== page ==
While it’s not recommended to have two puppies at the same time, having two dogs—whether it’s two older dogs, or an older dog and a puppy—at the same time comes with a boatload of benefits for you, your family, and the doggies themselves. And we’re not just talking double the cuteness (which, don’t get us wrong, is not a bad thing!). Read on to see why you might want to consider adding two furry family members to the crew, rather than one.
1. It Doesn’t Cost That Much More
Good news for puppy parents: You can double your cuteness without doubling your finances. Aside from regular immunizations and check-ups, having two dogs at the same time doesn’t cost much more than having one.
Dogs can share many of their supplies, including toys, beds, grooming products, water bowls, larger bags of food, and treats. It is important to note that some puppy food is formulated differently than food for full-grown dogs, so talk to your vet about whether or not your pup and your older dog can share.
2. Save a Second Life
One of the best reasons to have two dogs, rather than one, is simple: If you adopt two dogs, you’re saving two lives.
It’s estimated that a whopping 3.9 million dogs enter animal shelters each year—and 1.2 million of them are ᴇᴜᴛʜᴀɴɪᴢᴇᴅ. You can directly impact (and save) the lives of dogs by giving them a safe, happy home. Plus, adopting dogs from your local animal shelter creates more space for other animals-in-need.
3. They’ll Keep Each Other Entertained and Exercised
Playtime is vital to any dog’s health, happiness, socialization, and overall development—but it can take up a good chunk of your day. Depending on your dog’s age, size, breed, and energy level, you can spend anywhere from 30 minutes to two hours a day exercising him or her.
One easy (and cute) way to ensure your doggy is getting enough exercise? Adding a second dog to the mix. You’ll still have to spend some one-on-one time with each dog every day—it’s actually super important for their socialization and development—but they can keep each other exercised and entertained.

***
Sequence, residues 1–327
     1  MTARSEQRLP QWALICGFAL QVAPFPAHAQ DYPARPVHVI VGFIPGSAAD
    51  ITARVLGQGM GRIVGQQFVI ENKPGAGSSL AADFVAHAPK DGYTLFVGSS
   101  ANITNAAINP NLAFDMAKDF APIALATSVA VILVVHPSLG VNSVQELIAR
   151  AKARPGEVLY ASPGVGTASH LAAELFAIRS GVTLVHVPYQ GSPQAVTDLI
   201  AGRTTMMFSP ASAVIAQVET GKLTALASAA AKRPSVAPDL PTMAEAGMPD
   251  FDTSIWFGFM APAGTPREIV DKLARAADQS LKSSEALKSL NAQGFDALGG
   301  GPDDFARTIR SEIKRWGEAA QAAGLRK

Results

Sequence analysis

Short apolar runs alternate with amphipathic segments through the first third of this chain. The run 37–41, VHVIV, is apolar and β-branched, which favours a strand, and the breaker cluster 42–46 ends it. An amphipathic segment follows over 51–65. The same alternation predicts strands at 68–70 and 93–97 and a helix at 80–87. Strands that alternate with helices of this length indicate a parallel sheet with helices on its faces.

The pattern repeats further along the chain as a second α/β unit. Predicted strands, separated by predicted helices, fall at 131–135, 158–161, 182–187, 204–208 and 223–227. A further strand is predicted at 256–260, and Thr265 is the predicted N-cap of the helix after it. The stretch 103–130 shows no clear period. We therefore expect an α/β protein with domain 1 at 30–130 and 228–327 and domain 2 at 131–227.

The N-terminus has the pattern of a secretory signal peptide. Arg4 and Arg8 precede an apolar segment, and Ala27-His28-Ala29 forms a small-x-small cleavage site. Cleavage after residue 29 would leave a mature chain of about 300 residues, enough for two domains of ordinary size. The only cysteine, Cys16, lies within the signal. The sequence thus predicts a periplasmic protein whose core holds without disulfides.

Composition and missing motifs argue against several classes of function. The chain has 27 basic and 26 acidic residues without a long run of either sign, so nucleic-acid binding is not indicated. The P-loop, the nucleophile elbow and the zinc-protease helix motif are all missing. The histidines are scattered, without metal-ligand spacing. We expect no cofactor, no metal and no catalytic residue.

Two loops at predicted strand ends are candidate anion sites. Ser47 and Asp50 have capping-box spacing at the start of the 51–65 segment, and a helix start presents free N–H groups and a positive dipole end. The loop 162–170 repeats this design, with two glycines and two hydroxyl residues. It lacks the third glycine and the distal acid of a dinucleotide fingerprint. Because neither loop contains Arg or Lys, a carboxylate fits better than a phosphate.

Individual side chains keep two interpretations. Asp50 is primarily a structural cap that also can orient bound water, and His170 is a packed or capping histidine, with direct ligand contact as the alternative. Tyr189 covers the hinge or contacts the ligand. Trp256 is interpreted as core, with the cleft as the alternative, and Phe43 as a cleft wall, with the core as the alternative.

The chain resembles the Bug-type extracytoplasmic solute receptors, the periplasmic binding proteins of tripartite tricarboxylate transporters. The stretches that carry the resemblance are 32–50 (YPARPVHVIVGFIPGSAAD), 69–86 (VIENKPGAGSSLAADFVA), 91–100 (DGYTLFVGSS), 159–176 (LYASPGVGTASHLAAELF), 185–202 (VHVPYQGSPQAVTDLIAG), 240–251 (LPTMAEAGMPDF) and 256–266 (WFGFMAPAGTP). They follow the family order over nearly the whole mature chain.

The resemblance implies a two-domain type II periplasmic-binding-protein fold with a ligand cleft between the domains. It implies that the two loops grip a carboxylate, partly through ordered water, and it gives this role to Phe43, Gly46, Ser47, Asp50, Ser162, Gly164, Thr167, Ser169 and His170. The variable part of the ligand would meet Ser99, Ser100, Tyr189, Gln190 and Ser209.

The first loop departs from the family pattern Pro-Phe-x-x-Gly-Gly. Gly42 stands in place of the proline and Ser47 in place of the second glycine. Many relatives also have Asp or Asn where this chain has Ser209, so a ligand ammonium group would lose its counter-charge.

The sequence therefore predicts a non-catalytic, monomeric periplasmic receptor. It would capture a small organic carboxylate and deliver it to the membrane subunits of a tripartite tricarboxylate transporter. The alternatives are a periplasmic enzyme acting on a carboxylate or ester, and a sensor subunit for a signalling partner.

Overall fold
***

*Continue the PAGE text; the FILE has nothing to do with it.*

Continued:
Plus, they’ll keep each other company when you’re at work, school, or out running errands, so they won’t resort to boredom-induced hijinks around the house. Everyone knows a bored dog is a mischievous dog, after all.
4. Double the Love
Why do most people add a second dog to the family? Their first dog brought so much love and joy into their homes, and they want more! There’s nothing better than coming home to a pet who loves you unconditionally—and you can double down on that love with a second furry family member.
Having two dogs can feel like a lot of work sometimes, but the pros definitely outweigh the cons. From easier training to better mental and emotional health (for you and your dogs!), to saving the lives of animals, there are so many solid reasons to adopt a second dog today.
5. Help Ease Separation Anxiety
Many dogs sᴜffᴇʀ from separation anxiety or feelings of intense anxiety that occur when they’re left alone. Although some dogs will simply grow out of their separation anxiety, some cases require extra attention and solutions, like specialized training, emotional therapy, or even medication.
One way to reduce your dog’s separation anxiety is by bringing a second dog into the family. The dogs will keep each other company while you’re away from your home, and give each other the emotional support and attention they need to stay calm, cool, and collected. Plus, they’ll have a new playmate to focus on!
6. Make Puppy Training Easier
It may be tough to teach an old dog new tricks, but an old dog can certainly teach a new dog some tricks—and the rules of their house. Dogs are pack animals and look to their pack leader for guidance, a role your older dog will naturally take on when you introduce a puppy to the family.
You might find puppy training is far easier with an older dog and a new pup—the puppy will look to his senior for guidance, and model his behavior after hers. Having an older dog can make potty training your puppy way easier, too. Why? Dogs tend to do their business where other dogs have already gone, so your puppy will probably ᴘᴏᴏᴘ in the same spots as your older dog.